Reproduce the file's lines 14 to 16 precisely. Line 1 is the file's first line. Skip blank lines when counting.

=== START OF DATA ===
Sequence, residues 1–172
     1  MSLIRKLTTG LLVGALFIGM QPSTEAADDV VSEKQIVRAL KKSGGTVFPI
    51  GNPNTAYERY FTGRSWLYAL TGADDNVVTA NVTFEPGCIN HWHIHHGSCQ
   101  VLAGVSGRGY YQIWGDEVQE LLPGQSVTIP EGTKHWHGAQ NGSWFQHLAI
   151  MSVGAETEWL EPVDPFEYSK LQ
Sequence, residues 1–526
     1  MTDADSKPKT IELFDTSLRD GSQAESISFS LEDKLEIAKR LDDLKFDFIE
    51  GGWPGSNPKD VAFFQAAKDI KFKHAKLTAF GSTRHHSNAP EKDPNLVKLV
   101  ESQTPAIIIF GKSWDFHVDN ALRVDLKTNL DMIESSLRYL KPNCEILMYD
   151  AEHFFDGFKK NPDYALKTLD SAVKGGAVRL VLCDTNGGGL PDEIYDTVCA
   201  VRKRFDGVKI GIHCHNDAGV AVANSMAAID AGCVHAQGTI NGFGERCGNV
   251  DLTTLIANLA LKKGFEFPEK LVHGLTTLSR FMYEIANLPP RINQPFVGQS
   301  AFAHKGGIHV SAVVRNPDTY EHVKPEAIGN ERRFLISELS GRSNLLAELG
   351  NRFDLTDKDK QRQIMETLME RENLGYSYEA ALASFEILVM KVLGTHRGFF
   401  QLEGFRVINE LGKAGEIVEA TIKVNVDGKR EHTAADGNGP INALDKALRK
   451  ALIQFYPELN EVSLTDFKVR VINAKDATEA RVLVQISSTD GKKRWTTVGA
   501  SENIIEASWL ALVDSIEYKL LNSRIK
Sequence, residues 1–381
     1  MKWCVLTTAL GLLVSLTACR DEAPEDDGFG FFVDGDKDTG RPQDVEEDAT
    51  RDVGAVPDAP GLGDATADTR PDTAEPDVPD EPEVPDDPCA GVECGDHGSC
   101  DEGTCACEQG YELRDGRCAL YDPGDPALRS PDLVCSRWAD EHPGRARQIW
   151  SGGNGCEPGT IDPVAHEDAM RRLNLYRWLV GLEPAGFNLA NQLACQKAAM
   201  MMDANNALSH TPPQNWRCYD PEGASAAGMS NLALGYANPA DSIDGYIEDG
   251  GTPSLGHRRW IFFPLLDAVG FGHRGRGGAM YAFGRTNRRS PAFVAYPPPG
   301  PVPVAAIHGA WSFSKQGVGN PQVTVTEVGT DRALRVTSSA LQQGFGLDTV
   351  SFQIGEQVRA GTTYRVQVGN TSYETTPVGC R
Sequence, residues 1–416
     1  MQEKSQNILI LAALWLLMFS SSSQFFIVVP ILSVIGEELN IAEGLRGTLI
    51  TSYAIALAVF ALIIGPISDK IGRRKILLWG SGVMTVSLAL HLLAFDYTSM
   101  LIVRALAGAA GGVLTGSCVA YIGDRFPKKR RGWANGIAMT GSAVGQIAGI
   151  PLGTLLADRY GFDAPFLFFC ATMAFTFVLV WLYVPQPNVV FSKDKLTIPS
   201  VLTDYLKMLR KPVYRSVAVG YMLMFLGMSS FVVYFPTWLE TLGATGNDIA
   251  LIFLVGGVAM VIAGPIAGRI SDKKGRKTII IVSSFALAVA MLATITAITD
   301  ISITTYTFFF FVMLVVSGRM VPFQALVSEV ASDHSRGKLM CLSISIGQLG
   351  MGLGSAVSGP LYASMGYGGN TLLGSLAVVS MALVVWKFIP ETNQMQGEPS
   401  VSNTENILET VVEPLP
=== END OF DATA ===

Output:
   351  NRFDLTDKDK QRQIMETLME RENLGYSYEA ALASFEILVM KVLGTHRGFF
   401  QLEGFRVINE LGKAGEIVEA TIKVNVDGKR EHTAADGNGP INALDKALRK
   451  ALIQFYPELN EVSLTDFKVR VINAKDATEA RVLVQISSTD GKKRWTTVGA